A new permanent exhibition of Ethiopia’s archaeological history was officially inaugurated at the National Museum in Addis Ababa, by President Sahle-Work Zewde on Friday.
As one of the oldest countries in Africa, the country’s civilisation dates back thousands of years. People flocked to be the first to see some of the extraordinary artifacts on display, many of which have never been seen in public.
‘It was to better present the rich cultural material of antiquity in northern Ethiopia mainly and at the same time. It is also to display so many new beautiful objects from the medieval time which was a bit unknown by the public,’ said Anne-Lise Goujon, Project manager of the French Institute for Ethiopian Studies.
The exhibition was organised by the Ethiopian Heritage Authority in collaboration with the French Embassy in Addis Ababa, as the two countries marked 125 years of diplomatic relations.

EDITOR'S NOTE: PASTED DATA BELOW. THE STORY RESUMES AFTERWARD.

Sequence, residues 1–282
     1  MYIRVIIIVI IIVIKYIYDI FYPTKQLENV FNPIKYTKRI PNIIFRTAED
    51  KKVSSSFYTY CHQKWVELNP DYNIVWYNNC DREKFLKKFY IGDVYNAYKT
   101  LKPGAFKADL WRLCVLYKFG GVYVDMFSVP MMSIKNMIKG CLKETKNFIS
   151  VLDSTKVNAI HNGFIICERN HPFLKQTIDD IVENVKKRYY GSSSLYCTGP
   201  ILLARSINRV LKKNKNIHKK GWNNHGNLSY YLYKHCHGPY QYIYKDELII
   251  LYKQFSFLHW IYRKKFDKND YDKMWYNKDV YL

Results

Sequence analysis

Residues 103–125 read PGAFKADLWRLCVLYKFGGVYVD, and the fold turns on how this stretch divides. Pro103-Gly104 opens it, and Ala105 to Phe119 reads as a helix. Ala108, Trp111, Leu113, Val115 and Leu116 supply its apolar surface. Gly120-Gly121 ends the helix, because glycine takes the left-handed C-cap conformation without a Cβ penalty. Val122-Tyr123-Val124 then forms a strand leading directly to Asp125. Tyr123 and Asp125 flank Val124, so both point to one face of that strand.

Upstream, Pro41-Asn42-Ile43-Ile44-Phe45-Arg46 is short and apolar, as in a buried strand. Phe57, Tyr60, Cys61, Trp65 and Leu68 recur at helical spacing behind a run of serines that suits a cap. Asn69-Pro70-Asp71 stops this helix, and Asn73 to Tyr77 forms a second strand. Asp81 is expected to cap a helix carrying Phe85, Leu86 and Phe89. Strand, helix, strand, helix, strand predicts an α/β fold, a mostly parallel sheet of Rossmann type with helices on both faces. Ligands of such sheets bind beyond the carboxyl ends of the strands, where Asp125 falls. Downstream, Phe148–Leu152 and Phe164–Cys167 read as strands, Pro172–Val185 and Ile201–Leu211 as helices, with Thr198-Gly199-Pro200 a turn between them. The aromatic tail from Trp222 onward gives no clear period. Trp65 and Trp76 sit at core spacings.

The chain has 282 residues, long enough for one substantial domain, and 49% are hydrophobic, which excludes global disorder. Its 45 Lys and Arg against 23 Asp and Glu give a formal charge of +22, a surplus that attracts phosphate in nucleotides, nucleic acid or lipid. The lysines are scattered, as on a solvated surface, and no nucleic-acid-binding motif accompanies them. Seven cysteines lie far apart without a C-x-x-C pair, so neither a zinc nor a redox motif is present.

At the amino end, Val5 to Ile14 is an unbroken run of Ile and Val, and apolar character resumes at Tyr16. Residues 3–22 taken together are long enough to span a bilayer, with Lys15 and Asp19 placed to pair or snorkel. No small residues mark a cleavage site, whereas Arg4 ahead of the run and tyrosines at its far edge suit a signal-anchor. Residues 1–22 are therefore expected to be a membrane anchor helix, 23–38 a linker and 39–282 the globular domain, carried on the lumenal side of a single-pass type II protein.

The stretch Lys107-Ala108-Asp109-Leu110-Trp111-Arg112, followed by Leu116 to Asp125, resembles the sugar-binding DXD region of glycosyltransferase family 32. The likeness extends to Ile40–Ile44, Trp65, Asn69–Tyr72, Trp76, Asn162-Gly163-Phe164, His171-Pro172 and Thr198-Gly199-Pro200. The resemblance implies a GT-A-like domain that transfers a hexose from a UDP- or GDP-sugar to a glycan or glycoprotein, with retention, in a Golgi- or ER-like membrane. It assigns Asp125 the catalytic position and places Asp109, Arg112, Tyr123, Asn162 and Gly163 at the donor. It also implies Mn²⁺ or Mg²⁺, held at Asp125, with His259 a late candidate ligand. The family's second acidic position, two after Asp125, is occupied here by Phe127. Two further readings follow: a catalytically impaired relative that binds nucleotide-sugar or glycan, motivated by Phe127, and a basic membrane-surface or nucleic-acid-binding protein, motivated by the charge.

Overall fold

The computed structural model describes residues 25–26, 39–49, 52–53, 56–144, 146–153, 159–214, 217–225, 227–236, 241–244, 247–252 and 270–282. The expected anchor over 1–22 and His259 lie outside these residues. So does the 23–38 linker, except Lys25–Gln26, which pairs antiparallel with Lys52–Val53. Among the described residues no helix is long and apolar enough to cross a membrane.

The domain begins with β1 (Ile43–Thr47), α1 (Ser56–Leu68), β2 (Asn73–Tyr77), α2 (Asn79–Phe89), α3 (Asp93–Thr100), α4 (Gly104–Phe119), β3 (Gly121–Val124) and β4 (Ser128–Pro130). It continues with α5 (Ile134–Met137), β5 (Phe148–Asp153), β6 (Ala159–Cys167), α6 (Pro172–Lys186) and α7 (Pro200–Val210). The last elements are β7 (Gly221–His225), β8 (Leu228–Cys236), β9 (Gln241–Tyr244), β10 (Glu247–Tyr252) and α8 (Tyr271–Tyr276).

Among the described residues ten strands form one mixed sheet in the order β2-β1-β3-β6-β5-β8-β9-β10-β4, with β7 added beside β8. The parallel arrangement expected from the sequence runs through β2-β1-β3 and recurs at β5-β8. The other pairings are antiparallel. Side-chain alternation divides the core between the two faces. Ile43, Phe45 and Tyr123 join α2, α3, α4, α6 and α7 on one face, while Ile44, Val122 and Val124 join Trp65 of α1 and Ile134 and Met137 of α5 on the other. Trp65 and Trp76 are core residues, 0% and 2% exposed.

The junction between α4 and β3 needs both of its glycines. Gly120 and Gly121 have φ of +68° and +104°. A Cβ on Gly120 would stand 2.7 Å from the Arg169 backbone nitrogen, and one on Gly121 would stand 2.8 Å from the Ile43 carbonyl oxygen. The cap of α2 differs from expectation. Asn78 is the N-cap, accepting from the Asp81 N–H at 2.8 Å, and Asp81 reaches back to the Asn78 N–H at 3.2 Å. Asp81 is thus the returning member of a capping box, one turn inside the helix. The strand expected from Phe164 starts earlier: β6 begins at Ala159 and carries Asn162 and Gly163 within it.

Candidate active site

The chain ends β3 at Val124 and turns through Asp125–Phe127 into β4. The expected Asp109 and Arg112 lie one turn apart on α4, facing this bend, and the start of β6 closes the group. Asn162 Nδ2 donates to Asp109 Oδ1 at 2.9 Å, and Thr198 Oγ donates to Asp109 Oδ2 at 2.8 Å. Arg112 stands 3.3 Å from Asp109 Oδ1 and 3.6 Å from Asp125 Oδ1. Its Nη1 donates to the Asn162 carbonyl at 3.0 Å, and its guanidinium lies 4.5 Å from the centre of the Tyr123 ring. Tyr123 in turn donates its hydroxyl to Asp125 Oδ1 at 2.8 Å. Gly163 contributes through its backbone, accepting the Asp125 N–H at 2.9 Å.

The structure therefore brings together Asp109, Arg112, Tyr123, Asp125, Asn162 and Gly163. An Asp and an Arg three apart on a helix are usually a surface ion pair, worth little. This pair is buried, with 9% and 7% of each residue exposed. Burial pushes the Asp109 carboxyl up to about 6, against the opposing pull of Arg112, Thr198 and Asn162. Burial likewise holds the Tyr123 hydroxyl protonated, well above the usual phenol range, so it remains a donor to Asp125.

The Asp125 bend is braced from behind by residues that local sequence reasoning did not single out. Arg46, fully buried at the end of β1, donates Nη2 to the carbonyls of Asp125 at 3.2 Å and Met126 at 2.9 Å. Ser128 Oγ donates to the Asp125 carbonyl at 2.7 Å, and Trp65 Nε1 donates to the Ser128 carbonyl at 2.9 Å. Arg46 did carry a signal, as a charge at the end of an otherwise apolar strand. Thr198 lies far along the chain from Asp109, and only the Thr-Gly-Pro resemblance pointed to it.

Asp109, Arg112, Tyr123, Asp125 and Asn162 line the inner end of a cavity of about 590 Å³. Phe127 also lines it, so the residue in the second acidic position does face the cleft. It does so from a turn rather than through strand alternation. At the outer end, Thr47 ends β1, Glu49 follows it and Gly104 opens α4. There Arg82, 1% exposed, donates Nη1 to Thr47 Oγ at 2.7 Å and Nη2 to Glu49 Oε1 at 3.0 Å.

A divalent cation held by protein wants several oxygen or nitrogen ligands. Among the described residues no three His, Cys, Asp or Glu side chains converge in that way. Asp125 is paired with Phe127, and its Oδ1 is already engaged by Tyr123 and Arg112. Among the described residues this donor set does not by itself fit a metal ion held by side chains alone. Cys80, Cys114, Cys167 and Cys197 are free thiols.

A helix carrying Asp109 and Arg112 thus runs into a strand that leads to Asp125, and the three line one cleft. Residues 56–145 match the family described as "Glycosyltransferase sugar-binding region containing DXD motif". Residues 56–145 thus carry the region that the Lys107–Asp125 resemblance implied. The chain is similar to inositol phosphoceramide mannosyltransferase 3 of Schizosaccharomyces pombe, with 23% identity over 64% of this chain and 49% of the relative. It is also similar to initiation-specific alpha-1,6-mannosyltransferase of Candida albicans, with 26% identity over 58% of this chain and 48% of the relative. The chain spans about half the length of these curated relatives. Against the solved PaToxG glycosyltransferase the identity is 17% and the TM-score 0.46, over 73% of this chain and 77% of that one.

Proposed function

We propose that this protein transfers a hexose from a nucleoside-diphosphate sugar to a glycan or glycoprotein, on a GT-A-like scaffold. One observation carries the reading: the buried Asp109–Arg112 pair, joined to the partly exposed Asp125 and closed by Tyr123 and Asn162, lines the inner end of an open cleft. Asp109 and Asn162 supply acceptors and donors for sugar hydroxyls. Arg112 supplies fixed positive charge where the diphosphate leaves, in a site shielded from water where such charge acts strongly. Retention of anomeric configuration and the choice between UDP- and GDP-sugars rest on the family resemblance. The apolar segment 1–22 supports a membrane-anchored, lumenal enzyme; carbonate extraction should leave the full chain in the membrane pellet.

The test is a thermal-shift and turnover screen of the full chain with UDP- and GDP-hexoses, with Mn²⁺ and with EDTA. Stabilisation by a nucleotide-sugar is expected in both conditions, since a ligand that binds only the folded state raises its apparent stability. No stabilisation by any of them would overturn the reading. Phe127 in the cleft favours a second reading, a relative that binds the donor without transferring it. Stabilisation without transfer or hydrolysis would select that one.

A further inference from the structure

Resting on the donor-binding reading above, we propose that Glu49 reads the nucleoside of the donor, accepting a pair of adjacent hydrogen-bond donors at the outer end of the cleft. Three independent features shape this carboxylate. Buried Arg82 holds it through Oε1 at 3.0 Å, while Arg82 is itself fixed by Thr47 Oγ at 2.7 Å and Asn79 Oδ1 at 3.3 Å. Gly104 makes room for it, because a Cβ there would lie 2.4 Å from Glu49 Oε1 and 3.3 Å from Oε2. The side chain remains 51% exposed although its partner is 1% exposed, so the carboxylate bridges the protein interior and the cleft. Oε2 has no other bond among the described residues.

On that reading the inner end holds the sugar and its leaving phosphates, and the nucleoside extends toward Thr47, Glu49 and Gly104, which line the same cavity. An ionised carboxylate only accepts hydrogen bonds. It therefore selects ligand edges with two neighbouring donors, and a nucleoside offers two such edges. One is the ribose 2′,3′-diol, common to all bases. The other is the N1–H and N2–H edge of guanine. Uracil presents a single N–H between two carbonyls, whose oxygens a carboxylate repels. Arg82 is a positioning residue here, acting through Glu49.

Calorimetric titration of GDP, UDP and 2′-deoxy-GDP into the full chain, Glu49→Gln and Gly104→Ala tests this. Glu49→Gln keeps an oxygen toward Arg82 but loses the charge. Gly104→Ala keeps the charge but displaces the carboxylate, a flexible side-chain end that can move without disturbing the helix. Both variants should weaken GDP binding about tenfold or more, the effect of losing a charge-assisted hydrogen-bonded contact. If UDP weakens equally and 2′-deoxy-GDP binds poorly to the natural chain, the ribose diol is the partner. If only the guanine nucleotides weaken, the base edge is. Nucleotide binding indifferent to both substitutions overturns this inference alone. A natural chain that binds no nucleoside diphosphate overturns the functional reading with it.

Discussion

‘The collections that are presented here are going from what we call pre-Axumite time, so the first millennium BC, until the 16th century and from the Medieval period,’ said French archaeologist and co-creator of the exhibition, Lucile Denizot.
The new exhibition adds to collections at Ethiopia’s National Museum which are seen by many as some of the most important in sub-Saharan Africa. It also displays art ranging from early 14th-century parchments to paintings by leading modern artists.
A new opportunity
For Ethiopian archaeologist, Solomon Kebede, the archaeological exhibit presents a unique opportunity for the country.
‘I’ve always wished to have such a high standard of the exhibition at home. And this is a very good beginning for us, and I am satisfied that it will be a very good beginning for further research and to develop other sections to better levels,’ he said.
The pride of Ethiopians, the incredible carvings, beautiful sculptures, coins, and other artefacts are a further testament to the country’s rich history.